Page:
Criminologist and politicians have debated the effectiveness of correctional rehabilitation programs since the 1970’s when criminal justice scholars and policy makers throughout the United States embraced Robert Martinson’s credo of “nothing works” (Shrum, 2004). Recidivism, the rate at which released offenders return to jail or prison, has become the most accepted outcome measure in corrections. The public's desire to reduce the economic and social costs associated with crime and incarceration has resulted in an emphasis on recidivism as an outcome measure of program effectiveness. While correctional facilities continue to grow, corrections make up an increasing amount of state and federal budgets. The recidivism rate in the United States is quite high, while the cost to taxpayers continues to increase. For legislatures, recidivism has become the primary outcome measure. Assessing an offender’s risk to recidivate upon release from prison is one of the most important functions of a correctional organization (Brown et. al, 2009). Manchak et. al (2008) stated that the assessment of an individual’s risk for future criminal behavior is a routine part of practice in prisons and other correctional settings. Everyday correctional administrators must assess risk to inform important decisions about placing, managing, supervising, and treating offenders. This task has become more challenging as the size of the correctional population has burgeoned and the length of sentences has stretched (Manchak et. al, 2008). Additional time serve in prison has little impact on recidivism (Shrum, 2004). Measuring recidivism requires planning and commitment from correctional administrators. It also requires extensive follow up efforts from administrators, as well as, devoting resources to individual offenders who are no longer being served by a particular correctional facility. There are many factors that contribute to the rate of recidivism, such as poverty, unemployment and drug abuse. A successful study includes some type of comparison or control group. Comparisons must be made between those individual offenders who participate in correctional education and those who do not. Correctional administrators and scholars routinely attempt to identify the elements common among programs known to be effective in reducing recidivism or affecting inmate behavior (Withrow, 2002). More than a decade of research consistently identifies nine components present in programs that demonstrate reduced recidivism rates: * Treatment is based on behavioral strategies influenced by empirically valid theories of criminal behavior. * Treatment is delivered in the offender’s natural environment. * A variety of intervention strategies are employed to respond to a wide range of offender needs, particularly criminogenic needs. * The program is intensive (100 or more hours over a course of three to four months). * The emphasis is on positive reinforcement and pro-social behavior. * There is an attempt to match client needs and learning styles. * Aftercare is provided.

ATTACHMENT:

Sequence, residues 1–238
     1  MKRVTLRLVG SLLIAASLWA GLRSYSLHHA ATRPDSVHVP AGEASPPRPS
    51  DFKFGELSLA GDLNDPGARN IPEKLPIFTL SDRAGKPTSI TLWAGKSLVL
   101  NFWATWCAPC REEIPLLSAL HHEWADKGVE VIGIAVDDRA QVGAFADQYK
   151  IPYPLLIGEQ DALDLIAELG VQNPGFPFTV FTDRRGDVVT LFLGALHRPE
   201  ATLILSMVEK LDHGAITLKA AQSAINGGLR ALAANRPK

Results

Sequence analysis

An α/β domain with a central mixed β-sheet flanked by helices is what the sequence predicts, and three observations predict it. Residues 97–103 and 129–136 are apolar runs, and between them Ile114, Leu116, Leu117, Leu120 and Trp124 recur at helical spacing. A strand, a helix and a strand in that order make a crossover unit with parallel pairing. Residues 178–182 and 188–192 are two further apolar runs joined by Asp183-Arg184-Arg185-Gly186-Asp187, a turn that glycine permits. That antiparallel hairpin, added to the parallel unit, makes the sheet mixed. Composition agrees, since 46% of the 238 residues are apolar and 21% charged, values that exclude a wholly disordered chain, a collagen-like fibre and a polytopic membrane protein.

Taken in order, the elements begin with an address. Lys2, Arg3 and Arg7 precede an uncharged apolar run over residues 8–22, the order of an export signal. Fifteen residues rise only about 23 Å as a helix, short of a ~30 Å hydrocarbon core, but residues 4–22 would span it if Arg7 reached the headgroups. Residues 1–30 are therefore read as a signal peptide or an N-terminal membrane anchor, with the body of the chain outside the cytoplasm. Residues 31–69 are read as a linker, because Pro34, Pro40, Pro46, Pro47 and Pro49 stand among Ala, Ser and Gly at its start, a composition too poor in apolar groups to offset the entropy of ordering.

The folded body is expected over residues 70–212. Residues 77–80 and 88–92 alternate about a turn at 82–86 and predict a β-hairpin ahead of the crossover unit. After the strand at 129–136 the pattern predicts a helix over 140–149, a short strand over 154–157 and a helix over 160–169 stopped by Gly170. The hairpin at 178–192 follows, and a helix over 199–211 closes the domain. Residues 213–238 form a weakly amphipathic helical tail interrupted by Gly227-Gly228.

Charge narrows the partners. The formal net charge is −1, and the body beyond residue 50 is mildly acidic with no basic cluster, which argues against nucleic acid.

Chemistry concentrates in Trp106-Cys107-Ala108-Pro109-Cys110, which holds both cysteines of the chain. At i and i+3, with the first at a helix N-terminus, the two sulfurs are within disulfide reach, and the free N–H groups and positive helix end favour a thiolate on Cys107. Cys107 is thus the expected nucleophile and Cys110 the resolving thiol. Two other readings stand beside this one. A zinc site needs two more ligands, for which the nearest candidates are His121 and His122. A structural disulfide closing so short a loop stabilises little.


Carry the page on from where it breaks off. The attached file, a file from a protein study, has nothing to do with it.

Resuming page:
* Administrators and faculty are trained, qualified and well supervised. * There is organizational support.
Even though a reduction in recidivism is by far the most powerful and desired correctional program outcome, there are other outcome measurements that could be examined in addition to or as an alternative to recidivism. Other outcome measures could provide explanations as to why correctional education programs might reduce recidivism rates among inmates. Alternative outcome measures include: higher education, behavioral changes, incentives to participants for early release and post-release employment. Another outcome measures are cognitive intervention programs. These programs vary in technique and function but most share the assumption about the central role of cognition in fostering emotional and behavioral problems (Withrow, 2002). These...
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